By Christina Ellington
Huy Fong Foods, the maker of the popular Sriracha hot sauce, sent a letter to its suppliers advising that all orders after April 19, 2022 will not be fulfilled until after Labor Day, and they will not accept new orders until September. Huy Fong Foods warned its customers of potential interruptions in July 2020, highlighting ongoing shortages of chili pepper inventory. Unfortunately, due to weather conditions affecting the chili crop, they are now experiencing an extreme shortage. Donna Lam, executive operations officer for Huy Fong, said the Irwindale, Calif.-based company sources chiles from multiple suppliers in different regions of Mexico. The chiles are grown during both the fall and spring seasons. “It’s a crop thing and something that we can’t predict,” she said. “It’s been happening since last year, and this year is a lot worse, and that’s what put us back. Lam also said the supply was a “very reduced amount” but not totally wiped out. Huy Fong’s Sriracha is an American-made spicy sauce with Thai roots, invented by Chinese-Vietnamese refugee David Tran in 1980. The company uses more than 50,000 tons of jalapenos each year to produce Huy Fong Foods’ legendary hot sauce, known for its spicy kick, vinegary tang, and garlic aftertaste.
According to the latest USDA data, Mexico’s import volume of “Peppers Other,” with crossings in CA and AZ, is down 17% y/y for Jan-May. The highest volume of pepper imports crosses through Nogales, AZ, where volume is down 10% y/y; the second-highest crossing is in Otay Mesa, CA, and its volume is down 29% y/y. Pepper imports through Pharr, the Rio Grande, and Roma, near McAllen TX, are up 2.6% y/y. Chili peppers are the second-most-cultivated vegetable in Mexico, behind tomatoes. They also account for 20% of Mexico’s national vegetable production. Chihuahua and Sinaloa lead the chili pepper production, accounting for 47% of the yearly output.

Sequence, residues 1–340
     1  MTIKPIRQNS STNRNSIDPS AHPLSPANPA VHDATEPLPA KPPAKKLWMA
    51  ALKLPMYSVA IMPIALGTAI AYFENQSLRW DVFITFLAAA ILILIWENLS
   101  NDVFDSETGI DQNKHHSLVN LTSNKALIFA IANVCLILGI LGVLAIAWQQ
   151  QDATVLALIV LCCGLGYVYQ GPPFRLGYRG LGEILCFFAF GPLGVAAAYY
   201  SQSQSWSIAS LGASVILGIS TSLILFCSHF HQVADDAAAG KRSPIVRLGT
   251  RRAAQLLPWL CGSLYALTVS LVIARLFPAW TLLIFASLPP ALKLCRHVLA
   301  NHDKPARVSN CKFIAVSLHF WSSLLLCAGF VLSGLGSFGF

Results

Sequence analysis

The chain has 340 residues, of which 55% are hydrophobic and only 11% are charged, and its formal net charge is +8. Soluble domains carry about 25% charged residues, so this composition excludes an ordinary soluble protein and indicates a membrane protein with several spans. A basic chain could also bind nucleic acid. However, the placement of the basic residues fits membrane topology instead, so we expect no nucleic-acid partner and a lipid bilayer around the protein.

All rates cited below exclude fuel surcharges unless otherwise noted.
California shipped almost 43,000 fewer truckloads of produce last month compared to the previous year, and according to growers, the drought is impacting crops planned and yields more so this year than ever. According to Tim Johnson, president and CEO of the California Rice Commission, Sacramento Valley rice growers are expected to grow 250,000 acres of the crop this year, which is half of the 500,000 acres that are typically grown. The last time rice growers produced such an amount was 1956. The Sacramento Valley is one of the state’s growing regions for processing tomatoes. The food and agriculture board heard from Yolo County farmer Frank Muller, who said the California Tomato Growers Association expects the season’s processing tomato crop for the state to be lower than the 11.7 million tons projected by the U.S. Department of Agriculture’s National Agricultural Statistics Service. California produces 96% of the U.S. tomato supply and roughly 32% of the world’s tomato supply.
Californian produce truckload volumes are the lowest in seven years and are contributing largely to the season’s decline in spot rates for truckload carriers. In Fresno, the largest of the reefer market in the state, loads moved to Chicago in the 10-week period beginning April 1, 2022 are down 25% compared to the previous year. Reefer linehaul rates on that lane are currently $0.99/mile lower y/y. To underscore just how hot the 2021 produce market was, in the same 10-week period, weekly truckload volumes between Fresno and Chicago almost doubled last year; this year the increase is much lower at 65%. Reefer linehaul rates from Fresno to Hunts Point, NY, are averaging $2.12/mile this week or $1.32/mile lower than the previous year. This week’s capacity is tighter for loads 900 miles to the north in Seattle. Reefer linehaul rates are averaging $3.79/mile this week, which is $0.37/mile higher than the May monthly average, reflecting the $0.05/mile m/m drop in spot rates for lower volumes on the return journey.
More produce volume in the market last week compared to prior weeks tightened capacity and slowed down the rate of decrease in spot rates. The reefer linehaul rate decreased by just over a penny per mile last week compared to the $0.07/mile drop the previous week. At $2.24/mile, reefer linehaul rates have dropped 29% or $0.92/mile YTD and are now down $0.13/mile m/m. Reefer spot rates are currently $0.50/mile lower than the previous year and $0.14/mile lower than where reefer spot rates were in 2018.